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Elders Voices
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The Elders' Voices
"From [women Elders] I have come to understand how they see words as having work to do; words make the world rather than merely referring to it."1

In Aboriginal culture, the oral tradition is very complex. Aboriginal Peoples give a special place to the ability to speak with meaning and confidence. The birth of oral tradition lies in its immediacy and liveliness. For Aboriginal Peoples, the act of oration is powerful.

Aboriginal Elders are an example of those who have mastered the creative art of the human voice. Elders are living examples of the power of storytelling; their stories contain the power to transmit the social and cultural folklore, memories, histories, and laws of their peoples from generation to generation.

Northern Light – Dancing Spirits It begins with the telling of the story. Oral history can be defined in many ways among the Aboriginal Peoples. Stories can be told in ceremony as well as in everyday speech. Some Aboriginal Peoples view ceremony as the physical enactment of a story that was created by the ancestors or the spirit world. Although a ceremony may not mimic exactly that mythic moment it describes, it makes present for the people their connection with ancestral history and tradition.

The ceremony reveals the cultural truths found in the ancestral past. The re-enacting of ancient events also bears with it the thrust of social memory. It is this social memory that plays a key role in many Aboriginal cultures. Social memory is central in the construction of Aboriginal law. Social memory not only remembers what we would call the historical past, but more importantly it remembers the potent mythic past. Moral and religious values stem from this shared, remembered history.

The stories laid down by the ancestors set both the framework and the laws for the contemporary community. The practice of ‘remembering’ in the daily lives of Aboriginal peoples reaffirms their place in the social and physical world. For example, it confirms who they are, what they are to do, and, more importantly, what their relationship is to other beings and objects: animate and inanimate. Social remembrance retains both the ceremonial acts that we would call spirituality and the norms that we would call law. The result is circular. Oral history is the crucial element in the ongoing transmission of identity but it also stems from that identity.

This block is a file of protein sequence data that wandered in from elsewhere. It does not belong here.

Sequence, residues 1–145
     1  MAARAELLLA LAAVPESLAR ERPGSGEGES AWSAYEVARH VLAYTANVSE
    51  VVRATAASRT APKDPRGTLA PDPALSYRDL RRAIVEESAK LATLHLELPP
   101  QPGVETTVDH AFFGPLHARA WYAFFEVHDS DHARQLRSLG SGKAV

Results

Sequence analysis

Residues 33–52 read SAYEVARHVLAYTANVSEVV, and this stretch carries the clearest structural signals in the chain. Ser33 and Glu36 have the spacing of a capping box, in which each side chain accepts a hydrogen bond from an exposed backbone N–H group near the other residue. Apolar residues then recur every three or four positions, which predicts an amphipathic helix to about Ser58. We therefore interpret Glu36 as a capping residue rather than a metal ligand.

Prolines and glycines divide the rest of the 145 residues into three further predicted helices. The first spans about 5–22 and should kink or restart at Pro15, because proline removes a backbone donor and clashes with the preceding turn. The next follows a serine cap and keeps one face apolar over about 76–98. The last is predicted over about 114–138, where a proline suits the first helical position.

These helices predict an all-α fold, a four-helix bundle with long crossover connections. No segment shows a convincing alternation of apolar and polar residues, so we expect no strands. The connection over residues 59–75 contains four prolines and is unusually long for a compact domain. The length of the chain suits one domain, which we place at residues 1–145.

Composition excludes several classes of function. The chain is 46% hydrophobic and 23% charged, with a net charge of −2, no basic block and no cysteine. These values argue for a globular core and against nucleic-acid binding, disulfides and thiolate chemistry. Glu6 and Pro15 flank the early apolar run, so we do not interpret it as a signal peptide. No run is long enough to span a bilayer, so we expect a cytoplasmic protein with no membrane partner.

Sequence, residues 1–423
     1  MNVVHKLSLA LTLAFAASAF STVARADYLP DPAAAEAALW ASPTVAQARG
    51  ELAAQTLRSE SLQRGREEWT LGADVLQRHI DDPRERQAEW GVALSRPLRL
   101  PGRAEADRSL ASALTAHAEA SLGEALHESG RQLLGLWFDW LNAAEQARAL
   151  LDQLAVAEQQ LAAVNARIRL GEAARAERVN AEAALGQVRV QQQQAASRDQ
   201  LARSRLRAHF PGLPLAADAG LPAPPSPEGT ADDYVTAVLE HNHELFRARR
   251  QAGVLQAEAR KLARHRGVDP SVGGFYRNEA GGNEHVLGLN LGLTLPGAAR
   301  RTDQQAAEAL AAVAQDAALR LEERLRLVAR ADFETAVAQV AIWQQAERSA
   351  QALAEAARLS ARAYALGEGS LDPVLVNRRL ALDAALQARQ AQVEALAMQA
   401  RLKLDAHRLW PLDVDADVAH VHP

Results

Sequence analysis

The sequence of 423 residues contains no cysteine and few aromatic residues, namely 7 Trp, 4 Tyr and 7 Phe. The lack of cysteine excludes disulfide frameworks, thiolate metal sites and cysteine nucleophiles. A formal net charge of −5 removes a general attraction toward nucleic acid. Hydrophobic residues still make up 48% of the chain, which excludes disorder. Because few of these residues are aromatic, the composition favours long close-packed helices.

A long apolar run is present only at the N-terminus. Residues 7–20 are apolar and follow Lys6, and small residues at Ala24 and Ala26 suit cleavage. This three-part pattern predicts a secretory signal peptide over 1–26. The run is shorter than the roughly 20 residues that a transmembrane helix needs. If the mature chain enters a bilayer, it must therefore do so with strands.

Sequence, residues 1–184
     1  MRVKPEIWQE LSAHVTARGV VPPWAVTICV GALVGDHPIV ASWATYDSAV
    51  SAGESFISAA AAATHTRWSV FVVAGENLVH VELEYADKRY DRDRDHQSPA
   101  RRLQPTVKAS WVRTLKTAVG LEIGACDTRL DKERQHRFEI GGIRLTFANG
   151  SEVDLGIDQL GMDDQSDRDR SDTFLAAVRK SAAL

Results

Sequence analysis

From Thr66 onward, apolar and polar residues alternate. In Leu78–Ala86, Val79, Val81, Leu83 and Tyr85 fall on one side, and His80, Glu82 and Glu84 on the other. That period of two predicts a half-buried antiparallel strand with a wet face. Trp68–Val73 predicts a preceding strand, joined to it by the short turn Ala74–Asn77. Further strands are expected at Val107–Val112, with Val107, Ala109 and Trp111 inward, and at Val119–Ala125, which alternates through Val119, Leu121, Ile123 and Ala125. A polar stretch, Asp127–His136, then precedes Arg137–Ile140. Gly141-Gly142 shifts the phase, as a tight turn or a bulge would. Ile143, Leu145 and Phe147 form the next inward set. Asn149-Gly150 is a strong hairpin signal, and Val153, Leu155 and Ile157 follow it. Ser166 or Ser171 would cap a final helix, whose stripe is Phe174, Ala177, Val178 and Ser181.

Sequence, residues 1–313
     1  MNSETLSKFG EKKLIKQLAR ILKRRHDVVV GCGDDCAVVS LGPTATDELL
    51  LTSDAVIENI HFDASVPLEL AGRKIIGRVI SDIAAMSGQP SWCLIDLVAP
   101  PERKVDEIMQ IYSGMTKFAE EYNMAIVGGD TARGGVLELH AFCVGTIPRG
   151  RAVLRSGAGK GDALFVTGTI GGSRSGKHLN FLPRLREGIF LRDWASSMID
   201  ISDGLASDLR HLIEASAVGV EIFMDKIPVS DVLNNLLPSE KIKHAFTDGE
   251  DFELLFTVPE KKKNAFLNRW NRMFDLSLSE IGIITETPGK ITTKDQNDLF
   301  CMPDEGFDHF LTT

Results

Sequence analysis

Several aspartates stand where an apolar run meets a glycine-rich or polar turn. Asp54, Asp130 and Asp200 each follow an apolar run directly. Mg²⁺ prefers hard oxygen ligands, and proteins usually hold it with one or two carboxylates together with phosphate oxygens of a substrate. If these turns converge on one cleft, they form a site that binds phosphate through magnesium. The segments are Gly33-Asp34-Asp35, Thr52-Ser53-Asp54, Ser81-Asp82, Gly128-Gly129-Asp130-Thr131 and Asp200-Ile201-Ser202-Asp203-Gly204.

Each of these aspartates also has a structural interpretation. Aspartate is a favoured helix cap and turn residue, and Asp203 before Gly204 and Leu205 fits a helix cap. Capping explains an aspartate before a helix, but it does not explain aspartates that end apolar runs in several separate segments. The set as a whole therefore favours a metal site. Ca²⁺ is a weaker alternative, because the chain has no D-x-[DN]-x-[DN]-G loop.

Oral history can be a way of showing the consequences of certain acts that are or would be extremely unlikely to occur, and by doing so set standards for the good, in tune and in balance with the ‘natural’ order. Should the teaching be broken, the result will have a tremendous consequence, usually of the kind we would associate with the supernatural. This kind of "teaching" component sets Aboriginal law apart from other ways of presenting law. Oral history provides access to the unusual for everyone who hears such stories. These special cases of encountering reality are not regarded as extraordinary—they are merely experiences accorded to the gifted; however, everyone potentially can experience them in dreams or in other culturally-acceptable ways.